Robert Mcilveen

Forging a cheaper green policy

Forging a cheaper green policy
Text settings

The debate over climate change is one of the most polarised in UK politics, between those advocating doing everything possible (no matter what the cost) and those who refuse to think about doing anything at all. If, like us, you take the view that the science tells us there are major risks from climate change – albeit with uncertainty around how bad, when and where the risks might bear out – but that costs matter, you are likely to find yourself simultaneously denounced by both sides as a ‘denialist’ and a ‘warmist’.

Our new report, Greener, Cheaper explores how we can cut the costs of cutting carbon. We assume that there is limited public willingness for spending on climate change, and that if government continues to spend lots of money on marginal carbon savings, that support will not last. We focus on cost-effectiveness, since the cheaper we can cut carbon, the more we can cut without damaging the economy or losing public approval for action.

We recommend abolishing or reforming policies that offer the poorest value for money. The best example of this is feed-in tariffs for micro-renewables. While we have no problem with micro-renewables themselves – they are potentially useful in remote rural and island communities, or in developing countries, for example - we see no reason for the taxpayer to subsidise their deployment in general.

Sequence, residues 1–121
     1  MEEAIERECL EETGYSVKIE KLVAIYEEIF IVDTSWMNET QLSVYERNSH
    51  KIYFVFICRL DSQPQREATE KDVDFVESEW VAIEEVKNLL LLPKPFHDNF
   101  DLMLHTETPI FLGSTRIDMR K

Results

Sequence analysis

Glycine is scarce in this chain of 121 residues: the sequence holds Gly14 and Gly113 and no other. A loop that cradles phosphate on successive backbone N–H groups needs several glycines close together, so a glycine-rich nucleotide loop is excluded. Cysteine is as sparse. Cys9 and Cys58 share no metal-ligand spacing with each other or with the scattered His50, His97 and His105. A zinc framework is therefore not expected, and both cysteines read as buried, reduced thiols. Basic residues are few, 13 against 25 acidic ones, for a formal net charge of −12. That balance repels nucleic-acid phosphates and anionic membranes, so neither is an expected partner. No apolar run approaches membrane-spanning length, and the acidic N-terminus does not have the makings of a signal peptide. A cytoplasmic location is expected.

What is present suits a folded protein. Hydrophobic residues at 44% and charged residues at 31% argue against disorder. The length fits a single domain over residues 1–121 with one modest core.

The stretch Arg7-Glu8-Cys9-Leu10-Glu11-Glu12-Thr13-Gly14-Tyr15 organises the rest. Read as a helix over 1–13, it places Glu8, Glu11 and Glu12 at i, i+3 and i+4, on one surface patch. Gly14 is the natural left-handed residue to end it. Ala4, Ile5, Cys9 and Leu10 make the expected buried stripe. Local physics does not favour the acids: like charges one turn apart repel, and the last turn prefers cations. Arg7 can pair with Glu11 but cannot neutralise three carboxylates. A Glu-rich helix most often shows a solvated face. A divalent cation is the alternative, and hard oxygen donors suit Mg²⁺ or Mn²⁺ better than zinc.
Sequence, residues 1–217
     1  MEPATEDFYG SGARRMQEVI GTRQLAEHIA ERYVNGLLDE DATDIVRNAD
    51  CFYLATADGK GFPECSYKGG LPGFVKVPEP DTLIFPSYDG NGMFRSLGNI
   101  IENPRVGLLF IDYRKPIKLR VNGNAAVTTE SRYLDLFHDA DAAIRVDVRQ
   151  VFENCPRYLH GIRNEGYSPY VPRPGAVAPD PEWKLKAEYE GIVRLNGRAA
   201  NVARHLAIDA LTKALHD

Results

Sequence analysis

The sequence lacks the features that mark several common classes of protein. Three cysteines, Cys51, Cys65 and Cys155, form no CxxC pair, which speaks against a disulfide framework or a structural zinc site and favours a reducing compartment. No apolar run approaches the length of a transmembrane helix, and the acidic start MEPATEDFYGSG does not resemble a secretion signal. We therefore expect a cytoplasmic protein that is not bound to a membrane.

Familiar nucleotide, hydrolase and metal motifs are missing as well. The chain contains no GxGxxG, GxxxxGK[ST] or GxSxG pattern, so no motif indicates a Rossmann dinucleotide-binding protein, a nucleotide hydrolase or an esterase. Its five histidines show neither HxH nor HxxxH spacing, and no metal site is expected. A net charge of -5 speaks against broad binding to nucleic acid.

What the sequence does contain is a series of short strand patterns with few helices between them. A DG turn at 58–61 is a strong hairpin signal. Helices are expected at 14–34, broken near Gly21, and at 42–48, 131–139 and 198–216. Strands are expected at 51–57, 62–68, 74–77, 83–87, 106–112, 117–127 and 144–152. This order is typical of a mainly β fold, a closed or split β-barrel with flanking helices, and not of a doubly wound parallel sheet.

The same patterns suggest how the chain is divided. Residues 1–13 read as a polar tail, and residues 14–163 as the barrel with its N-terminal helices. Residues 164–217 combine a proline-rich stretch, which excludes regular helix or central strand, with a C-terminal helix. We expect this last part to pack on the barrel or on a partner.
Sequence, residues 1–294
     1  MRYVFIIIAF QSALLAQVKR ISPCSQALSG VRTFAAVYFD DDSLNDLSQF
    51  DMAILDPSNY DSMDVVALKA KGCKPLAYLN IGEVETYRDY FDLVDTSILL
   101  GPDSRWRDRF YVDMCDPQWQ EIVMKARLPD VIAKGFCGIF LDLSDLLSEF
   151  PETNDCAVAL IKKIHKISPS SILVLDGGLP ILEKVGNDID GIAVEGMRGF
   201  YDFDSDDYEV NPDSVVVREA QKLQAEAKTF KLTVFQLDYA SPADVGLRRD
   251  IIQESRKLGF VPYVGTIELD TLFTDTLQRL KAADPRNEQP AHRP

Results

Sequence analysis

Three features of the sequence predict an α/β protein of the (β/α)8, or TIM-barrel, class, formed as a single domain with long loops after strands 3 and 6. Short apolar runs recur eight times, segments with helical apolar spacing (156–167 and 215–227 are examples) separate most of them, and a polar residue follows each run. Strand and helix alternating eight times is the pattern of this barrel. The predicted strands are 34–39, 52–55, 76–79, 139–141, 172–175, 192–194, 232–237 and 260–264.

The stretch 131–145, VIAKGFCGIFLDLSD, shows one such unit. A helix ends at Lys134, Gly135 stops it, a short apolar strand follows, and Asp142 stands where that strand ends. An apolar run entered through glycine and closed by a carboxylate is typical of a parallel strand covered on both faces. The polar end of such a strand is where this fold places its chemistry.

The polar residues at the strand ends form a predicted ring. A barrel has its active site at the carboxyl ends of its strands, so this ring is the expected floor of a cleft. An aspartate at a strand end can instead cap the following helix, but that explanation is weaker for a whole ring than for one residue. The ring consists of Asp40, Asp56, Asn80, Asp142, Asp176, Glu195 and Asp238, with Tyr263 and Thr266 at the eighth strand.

The micro-renewables subsidy which came into force this April is terrible value for money – it costs £460 for every tonne saved, compared to around £12-15 under the EUETS, and around £130 for the Renewables Obligation. The alarming thing is that the previous government’s own analysis told them that this policy was terrible value for money, and that they carried straight on with it regardless:

“carbon abatement under FITs is significantly more expensive than carbon abatement under the EU emissions trading scheme. ... However, other objectives of the policy including community engagement are also important”(DECC (2010) Impact Assessment of Feed-in Tariffs for Small-Scale, Low Carbon, Electricity Generation, p27)

At the other end of the spectrum, we have recommended simplifying the Carbon Reduction Commitment, a policy which is a good idea executed badly. This is a requirement on large but non-energy intensive companies and public sector bodies to monitor and report their energy use, and it has already caused some to make energy efficiencies and save money. The problem lies in the government’s decision to include a mini cap-and-trade scheme within this policy, which transforms it from a manageable, one-off task which will probably end up as a saving into a bureaucratic maze where the hassle does not justify the outcome.

Changing the approach doesn’t mean doing nothing – it just means making sure policies are proportionate, well-designed and as simple as possible. It also means we should focus on those technologies and policies able to deliver the most for the climate. As the title suggests, this report argues that we can make progress on the environment – Greener – at less cost – Cheaper.

Robert McIlveen is a Research Fellow at Policy Exchange's Environment and Energy Unit.